05/05/2016 06:15 EDT | Updated 05/05/2016 06:59 EDT

Fort McMurray Fire Sees Oilsands Production Drastically Reduced

Canada is going to feel this one.

Oilsands production has plummeted by as many as a million barrels of oil per day as a wildfire in Fort McMurray has forced approximately 88,000 people to be evacuated from the area.

Production has fallen by as much as 38 per cent since the fire started, taking anywhere from 0.9 to 1 million barrels per day out of the market, Greg Pardy of RBC Dominion Securities told The Financial Post.

This, after RBC expected the oilsands to produce 2.6 million barrels per day in 2016.

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The estimate comes after oilsands producers such as Shell, Suncor, Syncrude, Husky and ConocoPhillips have had to either shut down or reduce their operations.

Suncor was forced to shut down a plant that has a capacity of 350,000 barrels of oil per day, while Shell has closed its Albian Sands project, which can produce 255,000 barrels per day.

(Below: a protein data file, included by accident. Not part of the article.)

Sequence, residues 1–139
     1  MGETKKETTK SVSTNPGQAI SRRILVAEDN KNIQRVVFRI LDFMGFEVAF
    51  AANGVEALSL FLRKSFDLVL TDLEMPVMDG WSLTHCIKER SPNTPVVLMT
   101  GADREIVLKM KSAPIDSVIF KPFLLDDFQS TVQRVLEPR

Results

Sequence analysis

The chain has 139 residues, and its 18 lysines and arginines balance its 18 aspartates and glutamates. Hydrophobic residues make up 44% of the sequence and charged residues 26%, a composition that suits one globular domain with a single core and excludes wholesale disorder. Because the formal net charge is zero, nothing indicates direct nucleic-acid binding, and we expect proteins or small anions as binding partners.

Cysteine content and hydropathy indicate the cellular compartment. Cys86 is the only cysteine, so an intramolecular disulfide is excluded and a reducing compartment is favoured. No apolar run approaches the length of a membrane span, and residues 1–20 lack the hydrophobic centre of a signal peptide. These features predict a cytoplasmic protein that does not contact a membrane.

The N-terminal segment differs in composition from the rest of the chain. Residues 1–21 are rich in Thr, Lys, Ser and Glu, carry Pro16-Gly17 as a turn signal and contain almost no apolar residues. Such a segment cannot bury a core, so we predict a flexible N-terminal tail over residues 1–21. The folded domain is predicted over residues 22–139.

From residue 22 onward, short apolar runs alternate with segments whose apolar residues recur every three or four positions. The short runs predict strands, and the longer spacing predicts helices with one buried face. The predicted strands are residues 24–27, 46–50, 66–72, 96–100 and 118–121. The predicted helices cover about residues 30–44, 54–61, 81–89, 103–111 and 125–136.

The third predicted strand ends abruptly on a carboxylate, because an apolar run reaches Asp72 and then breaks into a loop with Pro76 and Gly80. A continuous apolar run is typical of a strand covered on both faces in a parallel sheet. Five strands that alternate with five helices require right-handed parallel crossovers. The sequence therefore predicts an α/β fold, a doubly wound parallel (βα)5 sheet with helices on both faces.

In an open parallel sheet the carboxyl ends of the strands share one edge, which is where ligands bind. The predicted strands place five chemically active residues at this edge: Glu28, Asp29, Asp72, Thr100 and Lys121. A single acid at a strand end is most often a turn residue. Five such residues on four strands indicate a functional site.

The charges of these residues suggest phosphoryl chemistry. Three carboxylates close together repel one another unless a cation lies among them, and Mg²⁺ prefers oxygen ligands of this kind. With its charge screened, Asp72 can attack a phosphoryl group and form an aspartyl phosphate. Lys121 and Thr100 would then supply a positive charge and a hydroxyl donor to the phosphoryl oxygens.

"That this adds a heavy headwind to the economy in the second quarter is increasingly clear," Scotiabank vice-president of economics Derek Holt told Bloomberg.

"The shock that is hitting the heart of Canada's energy sector only adds to risk of very little growth in Q2 and risk of contraction."


Oil is mined at a Suncor Energy Inc. oilsands mining operation near Fort McMurray, Alta. on Aug. 13, 2013. (Photo: Brent Lewin/Bloomberg via Getty Images)

Bloomberg had already expected Canada's economic growth to drop by 1.6 per cent in the second quarter due to slow U.S. export activity.

The fire will do nothing to help with that — and it could also worsen a recession that Alberta has endured since last year.

Back in 2011, Canada's economy was slowed by a fire in Slave Lake, Alta. — but the fire in Fort McMurray has displaced 10 times more people than that one did, Bloomberg noted.

fort mcmurray evacuee

Evacuees from wildfires in the Fort McMurray area lie on cots at a hockey rink in Lac La Biche, Alta. on May 5, 2016. (Photo: Darryl Dyck/Bloomberg via Getty Images)

The drop in production has had a noticeable effect on the price of Canadian oil.

The price of Western Canada Select heavy blend crude (WCS) was $11.50 per barrel below that of West Texas Intermediate (WTI) crude on Thursday.

That was the closest price at which the two have traded since February.

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